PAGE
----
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Hilmar Veigar Pétursson has worked at Eve Online maker CCP Games, Iceland’s biggest game studio, for 20 years, and he has been CEO since 2004. For the service, he gets the honor of getting a big Viking sword.
To date, CCP Games has given out 80 swords. Pétursson takes pride in that because CCP Games has built a game that has persisted through the years, always managing to remain relevant despite changes in the industry.
“We’ve been doing for 20 years what people fantasize about doing today,” Pétursson said in an interview with me.
And Pétursson is not done. Eve Online has a few hundred thousands subscribers, more than the population of Iceland. But it is a kind of prototype for the metaverse, the universe of virtual worlds that are all interconnected, like in novels such as Snow Crash and Ready Player One. That’s the potential of Eve Online, to bring us into a world where we’d rather be instead of in the real world of the pandemic.
And it will be interesting to see how CCP takes the lessons of Eve Online and broadens its appeal to the masses, while still keeping the core audience happy. CCP has more resources now, as two years ago Pétursson sold CCP to Black Desert Online creator Pearl Abyss of South Korea for $425 million. Pétursson also spoke about his views of the metaverse at our recent GamesBeat Summit: Into the Metaverse event.
Here’s an edited transcript of our interview.
GamesBeat: How does it feel to have stayed with this for 20 years?
Hilmar Veigar Pétursson: There’s a lot of different feelings around it. It actually happened last year. This year I’ve been working for 21 years. But we’re locked away from having any anniversary ceremonies. We just couldn’t do it. We’re doing them now because Iceland is basically virus-free. You can do things again.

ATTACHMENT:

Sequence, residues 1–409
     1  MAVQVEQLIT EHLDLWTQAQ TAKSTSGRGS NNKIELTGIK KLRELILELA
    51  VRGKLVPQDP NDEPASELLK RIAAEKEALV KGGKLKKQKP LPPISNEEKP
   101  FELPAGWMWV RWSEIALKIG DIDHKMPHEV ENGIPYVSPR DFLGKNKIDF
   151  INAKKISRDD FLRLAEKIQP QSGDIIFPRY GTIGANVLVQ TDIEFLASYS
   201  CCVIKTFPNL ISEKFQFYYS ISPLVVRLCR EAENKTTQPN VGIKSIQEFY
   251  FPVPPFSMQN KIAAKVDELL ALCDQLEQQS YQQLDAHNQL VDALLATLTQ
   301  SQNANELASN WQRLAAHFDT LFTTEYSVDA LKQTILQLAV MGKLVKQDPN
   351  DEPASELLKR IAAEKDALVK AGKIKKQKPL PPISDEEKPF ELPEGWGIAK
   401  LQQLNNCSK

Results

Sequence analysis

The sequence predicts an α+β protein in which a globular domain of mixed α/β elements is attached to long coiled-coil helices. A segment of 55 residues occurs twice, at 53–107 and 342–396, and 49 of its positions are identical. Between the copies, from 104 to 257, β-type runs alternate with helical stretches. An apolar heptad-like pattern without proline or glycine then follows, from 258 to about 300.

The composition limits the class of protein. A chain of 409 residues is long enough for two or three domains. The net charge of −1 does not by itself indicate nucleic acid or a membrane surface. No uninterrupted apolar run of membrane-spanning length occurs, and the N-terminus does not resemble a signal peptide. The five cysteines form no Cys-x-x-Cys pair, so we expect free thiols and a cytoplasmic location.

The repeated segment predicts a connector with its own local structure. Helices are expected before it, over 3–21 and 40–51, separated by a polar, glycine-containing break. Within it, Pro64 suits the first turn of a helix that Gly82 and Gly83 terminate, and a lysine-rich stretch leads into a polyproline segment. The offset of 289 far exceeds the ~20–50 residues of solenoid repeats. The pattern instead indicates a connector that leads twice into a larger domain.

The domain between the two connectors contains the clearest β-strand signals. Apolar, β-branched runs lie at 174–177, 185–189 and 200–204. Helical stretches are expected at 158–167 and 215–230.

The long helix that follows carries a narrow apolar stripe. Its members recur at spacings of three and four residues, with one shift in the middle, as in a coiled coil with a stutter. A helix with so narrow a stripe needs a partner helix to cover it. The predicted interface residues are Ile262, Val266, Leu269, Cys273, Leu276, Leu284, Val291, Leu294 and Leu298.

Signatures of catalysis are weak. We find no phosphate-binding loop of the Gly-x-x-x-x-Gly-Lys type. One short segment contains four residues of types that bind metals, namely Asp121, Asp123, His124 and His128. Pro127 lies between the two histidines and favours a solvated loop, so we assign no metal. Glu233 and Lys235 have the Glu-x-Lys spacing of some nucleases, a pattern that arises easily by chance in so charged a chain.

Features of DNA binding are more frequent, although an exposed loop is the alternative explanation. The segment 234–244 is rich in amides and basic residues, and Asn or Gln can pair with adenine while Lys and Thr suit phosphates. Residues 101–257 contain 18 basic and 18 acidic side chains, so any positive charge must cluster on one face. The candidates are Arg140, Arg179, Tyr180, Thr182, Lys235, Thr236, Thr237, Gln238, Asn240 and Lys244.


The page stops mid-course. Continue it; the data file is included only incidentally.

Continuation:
When I was getting the sword, it kind of dawned on me in a different way than I’d thought. It pushed me to think about what’s next. It feels like, after 20 years, preparing for something. I felt this push of, what should I do now with Eve and CCP? Twenty years is a lot of training for something. It felt like that. That’s the only way I have to describe it. It’s not a great description. But I felt this pressure to use all this experience I’ve gotten from doing all the things we’ve done at CCP for some next level. “Next-level shit” is a phrase that comes to mind.
GamesBeat: I can see why you would have stayed around for that long, given how ambitious the goal of Eve Online and CCP is, creating connected worlds.
Pétursson: That’s the push I feel. We’ve been doing for 20 years what people fantasize about doing today. But it’s still obscure. It’s relatively obscured inside a game experience that was put together a long time ago. It’s improved somewhat, but you have to know what you’re looking for to be able to see it.
I feel like what we now need to do is take it out of the shade and into the light. It’s hidden away. You have to go through a lot of imperfect user experience to find the magic inside Eve Online and take part in it. We can make it much better without affecting the soul of the game, the magical properties of Eve Online. I’m both holding it back and it’s my job to let it out. It’s hard. As I say, people are still fantasizing about doing it. It’s not like it’s easy to do. We’ve already done part of it. But there’s this second part of it. It’s easy to talk about taking it to a wider audience, but I don’t think it’s just that.